“There is an unresolved territorial conflict … and would they bring such a country into the military alliance?” he said. “Do they understand the possible implications? It could provoke a horrible conflict.”

Medvedev pointed to Moscow’s recognition of independence of Abkhazia and South Ossetia and the Russian military bases there, saying that any attempt to change the status quo could lead to “extremely grave consequences.” ”I hope that NATO’s leadership will be smart enough not to take any steps in that direction,” he said.

The Russian prime minister described NATO’s eastward expansion as a major security threat to Russia. “Whatever our colleagues from the alliance may say, NATO countries see Russia as a potential enemy,” he said. “We can’t help getting worried when the circle around our country keeps narrowing as more and more countries join NATO. NATO’s expansion clearly poses a threat to the Russian Federation.”

Bigger is better? NATO opens up to Macedonia as rifts linger

July 11, 2018

BRUSSELS (AP) — NATO has invited Macedonia to start membership talks, a step toward adding its 30th member despite Russia’s objection and a show of unity at a time of growing discord between the Trump administration and Europe.

The invitation Wednesday came at a NATO summit at which U.S. President Donald Trump demanded more military spending by some allegedly deadbeat allies, as countries like Canada and Britain committed more to new manpower than new money.

Macedonia was given a pathway to membership on condition that it finally iron out its years-long standoff over its name with Greece, which took a big step forward with their deal last month that could rename the country North Macedonia.

Macedonian voters and the Greek parliament still must sign off on that deal, which could also dissipate any Greek objections to the Skopje government’s ambition to join the European Union. “Once all national procedures have been completed to finalize the name agreement, the country will join NATO as our 30th member,” NATO Secretary-General Jens Stoltenberg said. “It cannot become a member if it doesn’t change its name. That’s in a way the simple choice, and that’s up to the people.”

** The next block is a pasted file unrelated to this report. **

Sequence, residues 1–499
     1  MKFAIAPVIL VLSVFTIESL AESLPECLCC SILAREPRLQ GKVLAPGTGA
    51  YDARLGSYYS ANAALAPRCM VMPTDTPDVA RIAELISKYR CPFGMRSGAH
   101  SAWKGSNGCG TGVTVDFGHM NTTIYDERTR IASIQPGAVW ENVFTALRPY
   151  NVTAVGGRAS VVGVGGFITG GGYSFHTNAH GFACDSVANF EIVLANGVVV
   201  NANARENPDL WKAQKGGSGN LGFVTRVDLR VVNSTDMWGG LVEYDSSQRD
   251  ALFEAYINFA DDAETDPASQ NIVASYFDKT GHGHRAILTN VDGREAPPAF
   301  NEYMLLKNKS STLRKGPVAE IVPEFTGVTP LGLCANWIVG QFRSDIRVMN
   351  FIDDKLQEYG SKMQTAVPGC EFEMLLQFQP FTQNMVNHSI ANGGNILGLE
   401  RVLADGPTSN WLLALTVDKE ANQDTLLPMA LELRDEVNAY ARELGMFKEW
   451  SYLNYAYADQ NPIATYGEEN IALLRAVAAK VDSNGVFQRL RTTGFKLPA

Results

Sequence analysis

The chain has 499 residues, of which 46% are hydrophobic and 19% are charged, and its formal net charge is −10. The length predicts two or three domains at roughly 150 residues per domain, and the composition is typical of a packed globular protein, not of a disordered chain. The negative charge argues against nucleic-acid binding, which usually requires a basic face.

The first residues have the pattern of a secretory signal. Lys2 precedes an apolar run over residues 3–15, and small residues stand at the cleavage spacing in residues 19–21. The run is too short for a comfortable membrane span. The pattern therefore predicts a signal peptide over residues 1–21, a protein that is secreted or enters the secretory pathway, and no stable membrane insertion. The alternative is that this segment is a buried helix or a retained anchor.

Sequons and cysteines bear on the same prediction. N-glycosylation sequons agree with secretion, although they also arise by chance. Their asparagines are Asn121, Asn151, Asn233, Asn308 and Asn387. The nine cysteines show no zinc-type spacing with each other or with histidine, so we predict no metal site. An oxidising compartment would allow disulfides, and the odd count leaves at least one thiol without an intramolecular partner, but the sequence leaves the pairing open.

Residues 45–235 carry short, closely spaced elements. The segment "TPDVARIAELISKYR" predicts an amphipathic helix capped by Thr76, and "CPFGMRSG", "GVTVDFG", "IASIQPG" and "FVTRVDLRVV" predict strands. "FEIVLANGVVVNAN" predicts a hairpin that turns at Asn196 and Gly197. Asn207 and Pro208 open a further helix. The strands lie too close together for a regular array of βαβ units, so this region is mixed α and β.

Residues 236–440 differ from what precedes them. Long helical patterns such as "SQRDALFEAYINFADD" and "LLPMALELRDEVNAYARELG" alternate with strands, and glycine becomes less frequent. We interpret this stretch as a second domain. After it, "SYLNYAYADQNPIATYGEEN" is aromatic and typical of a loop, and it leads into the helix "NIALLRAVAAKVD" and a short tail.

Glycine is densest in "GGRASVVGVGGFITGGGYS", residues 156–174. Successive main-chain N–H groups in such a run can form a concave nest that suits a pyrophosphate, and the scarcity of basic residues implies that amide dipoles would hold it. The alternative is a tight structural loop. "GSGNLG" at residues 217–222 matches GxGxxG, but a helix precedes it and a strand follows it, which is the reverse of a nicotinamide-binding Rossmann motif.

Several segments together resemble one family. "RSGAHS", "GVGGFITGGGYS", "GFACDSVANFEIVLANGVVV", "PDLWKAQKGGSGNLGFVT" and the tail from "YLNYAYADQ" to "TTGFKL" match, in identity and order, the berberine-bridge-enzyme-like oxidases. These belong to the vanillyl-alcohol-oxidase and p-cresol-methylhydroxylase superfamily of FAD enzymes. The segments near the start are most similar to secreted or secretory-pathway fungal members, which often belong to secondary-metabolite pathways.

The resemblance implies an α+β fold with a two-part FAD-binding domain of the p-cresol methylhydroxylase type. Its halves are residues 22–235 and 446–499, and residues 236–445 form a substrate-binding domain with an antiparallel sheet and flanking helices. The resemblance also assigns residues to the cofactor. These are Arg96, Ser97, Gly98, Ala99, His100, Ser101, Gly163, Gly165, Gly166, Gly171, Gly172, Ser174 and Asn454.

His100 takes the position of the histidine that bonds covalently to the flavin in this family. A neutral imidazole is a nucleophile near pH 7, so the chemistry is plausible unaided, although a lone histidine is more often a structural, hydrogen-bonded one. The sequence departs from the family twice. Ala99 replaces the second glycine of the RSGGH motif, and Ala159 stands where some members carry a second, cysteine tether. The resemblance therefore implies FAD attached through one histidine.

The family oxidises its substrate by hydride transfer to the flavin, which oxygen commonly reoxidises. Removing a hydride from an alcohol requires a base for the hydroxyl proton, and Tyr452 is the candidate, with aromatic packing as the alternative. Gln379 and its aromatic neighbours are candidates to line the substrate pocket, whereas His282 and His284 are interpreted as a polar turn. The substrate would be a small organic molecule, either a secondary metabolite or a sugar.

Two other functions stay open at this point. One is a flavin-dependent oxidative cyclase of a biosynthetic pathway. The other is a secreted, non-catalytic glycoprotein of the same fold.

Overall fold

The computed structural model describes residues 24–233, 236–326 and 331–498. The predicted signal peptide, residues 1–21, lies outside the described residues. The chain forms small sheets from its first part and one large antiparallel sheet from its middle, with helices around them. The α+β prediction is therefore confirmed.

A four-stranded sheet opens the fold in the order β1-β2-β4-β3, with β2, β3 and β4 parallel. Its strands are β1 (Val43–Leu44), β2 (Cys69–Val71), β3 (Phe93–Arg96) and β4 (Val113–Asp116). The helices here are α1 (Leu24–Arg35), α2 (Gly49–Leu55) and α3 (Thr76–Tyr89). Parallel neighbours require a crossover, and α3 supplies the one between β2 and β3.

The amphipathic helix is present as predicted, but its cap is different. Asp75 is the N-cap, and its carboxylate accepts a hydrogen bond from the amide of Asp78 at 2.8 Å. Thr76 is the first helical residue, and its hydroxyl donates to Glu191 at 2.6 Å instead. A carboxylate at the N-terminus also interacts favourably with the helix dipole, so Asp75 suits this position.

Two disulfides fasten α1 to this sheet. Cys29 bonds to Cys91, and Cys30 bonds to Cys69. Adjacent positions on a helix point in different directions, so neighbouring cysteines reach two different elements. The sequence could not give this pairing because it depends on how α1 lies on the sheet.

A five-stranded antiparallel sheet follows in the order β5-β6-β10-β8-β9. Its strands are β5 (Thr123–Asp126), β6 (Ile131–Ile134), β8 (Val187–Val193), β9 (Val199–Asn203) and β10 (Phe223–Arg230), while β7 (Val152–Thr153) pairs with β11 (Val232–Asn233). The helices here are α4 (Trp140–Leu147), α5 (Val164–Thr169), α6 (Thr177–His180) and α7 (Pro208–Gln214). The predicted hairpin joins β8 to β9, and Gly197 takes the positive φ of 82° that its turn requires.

Russia, NATO’s most prominent rival, has bemoaned the possible addition of another alliance member — reviving Cold War-style tensions. Macedonia Prime Minister Zoran Zaev hailed the invitation but noted objections from Moscow.

“Very obviously, they are against our integration in NATO,” he said during a panel talk on the sidelines of the summit. Zaev alleged “some activities” by Russia had attempted to thwart the deal, but he did not elaborate.

The overture toward expansion came amid a backdrop of strain in NATO, notably continued pressure by Trump on allies to shoulder a bigger share of military spending — including a swipe at Germany for being “captive” to Russia.

Instead of new money, Canadian Prime Minister Justin Trudeau announced his country will lead NATO’s new military training mission in Iraq, with up to 250 troops. Canada isn’t meeting an informal alliance target for member states to devote at least 2 percent of their economic output to defense spending.

Prime Minister Theresa May of Britain, which is meeting that target, announced it would send 440 military personnel for a similar training mission in Afghanistan — by far the alliance’s biggest foreign venture.